One example involves companies going beyond the legal requirements when cleaning waste water before it is discharged from manufacturing plants.
There also is a role for the pharma industry to play in the design of green pharmaceuticals that are biodegradable. "We are seeing a slower response here at the moment," Leckie told BioWorld. Governments could do more in that area. "We need incentives to promote development of green drugs," she said.
Currently, there are mixed views about the potential of green pharmaceuticals to reduce the environmental threat. "First of all, we need a good a good definition," Leckie said. There are a number of barriers to the discovery of green alternatives and a number of possible ways to overcome them.
Some may think the term green pharmaceutical is an oxymoron. Pharmaceuticals must be designed to be stable, in order to reach and interact with their targets. That means the desirable chemical design elements for an effective pharmaceutical are contrary to what is desirable in the environment.
However, Leckie pointed to studies showing stability does not exclude biodegradability, and that biodegradability can improve effectiveness and reduce side effects. "I think this is something governments should be paying more attention to," she said.
Another means of nudging the industry into being more eco-friendly is through sustainable procurement. Sweden, for example, recently published a "wise list," which gives the respective green criteria of drugs that have equivalent clinical effect, to guide prescribers.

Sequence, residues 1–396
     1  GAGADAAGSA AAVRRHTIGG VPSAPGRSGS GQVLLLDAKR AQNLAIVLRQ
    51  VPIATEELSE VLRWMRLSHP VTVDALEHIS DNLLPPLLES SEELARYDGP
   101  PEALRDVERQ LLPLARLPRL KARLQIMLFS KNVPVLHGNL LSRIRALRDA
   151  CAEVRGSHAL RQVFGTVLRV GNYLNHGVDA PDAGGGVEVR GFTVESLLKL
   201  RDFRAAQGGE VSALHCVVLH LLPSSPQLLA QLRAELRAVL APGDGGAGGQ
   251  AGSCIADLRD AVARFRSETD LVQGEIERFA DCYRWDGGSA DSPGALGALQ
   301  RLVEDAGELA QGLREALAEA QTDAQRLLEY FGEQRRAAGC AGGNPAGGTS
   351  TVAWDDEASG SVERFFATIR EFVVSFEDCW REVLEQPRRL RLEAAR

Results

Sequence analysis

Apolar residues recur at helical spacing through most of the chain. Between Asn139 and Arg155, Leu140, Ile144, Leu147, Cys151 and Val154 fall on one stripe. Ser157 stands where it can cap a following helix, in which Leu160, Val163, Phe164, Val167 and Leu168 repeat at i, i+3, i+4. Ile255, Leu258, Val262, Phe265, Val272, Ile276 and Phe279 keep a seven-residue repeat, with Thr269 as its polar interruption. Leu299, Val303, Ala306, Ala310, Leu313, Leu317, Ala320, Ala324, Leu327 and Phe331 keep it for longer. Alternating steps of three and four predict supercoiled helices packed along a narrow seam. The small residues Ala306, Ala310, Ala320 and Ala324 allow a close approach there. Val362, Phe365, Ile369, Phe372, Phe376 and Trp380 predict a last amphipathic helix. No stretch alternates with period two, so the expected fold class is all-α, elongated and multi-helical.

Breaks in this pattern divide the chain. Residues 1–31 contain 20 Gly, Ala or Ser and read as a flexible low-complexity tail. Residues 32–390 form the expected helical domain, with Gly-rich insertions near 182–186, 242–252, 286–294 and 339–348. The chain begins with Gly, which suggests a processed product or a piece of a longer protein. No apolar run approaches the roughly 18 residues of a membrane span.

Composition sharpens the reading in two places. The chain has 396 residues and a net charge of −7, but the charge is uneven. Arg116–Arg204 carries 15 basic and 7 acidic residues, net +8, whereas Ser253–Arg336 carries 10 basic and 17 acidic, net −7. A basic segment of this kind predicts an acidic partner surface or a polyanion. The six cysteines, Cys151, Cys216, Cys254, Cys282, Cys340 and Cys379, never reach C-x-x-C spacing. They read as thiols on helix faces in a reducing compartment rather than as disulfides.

"We've seen a number of other countries in Europe looking to develop environmental criteria [for use] in drug procurement. It was a pretty much universal ask from all the stakeholders and it would be good to develop [criteria] at an EU level," said Leckie.
Amongst other policy options, the report suggests the development of a standardized methodology for environmental risk assessment, which could then be incorporated into the drug authorization process. More stringent conditions could be attached to putting a high-risk pharmaceutical on the market, such as eco-labeling, prescription only and post approval monitoring.
Similarly, environmental criteria could be written into good manufacturing practices, with companies being required to disclose details of pharmaceutical waste water discharges across their supply chains.
"I'm not talking about new pharmaceuticals not being approved because of environmental risk," Leckie said. "Human health is the priority, but you can impose measures to mitigate those risks."
New pharmaceuticals are required to include an environmental risk assessment in the application for marketing authorization, noted Leckie. The problem is legacy pharmaceuticals. "There needs to be some pretty hard discussions on how to fill that data gap" she said.
Another idea floated by Leckie is that of extended producer responsibility, a strategy by which all the environmental costs associated with a product throughout its life cycle are added to the market price of the product.
That could perhaps cover the costs of schemes to collect and destroy unused drugs, or to cover the cost of upgrading water treatment plants. Germany currently is exploring the potential for such a scheme, and Leckie said OECD will investigate the possibility in more detail over the next 18 months, as it continues its work on the environmental harm caused by pharmaceutical residues.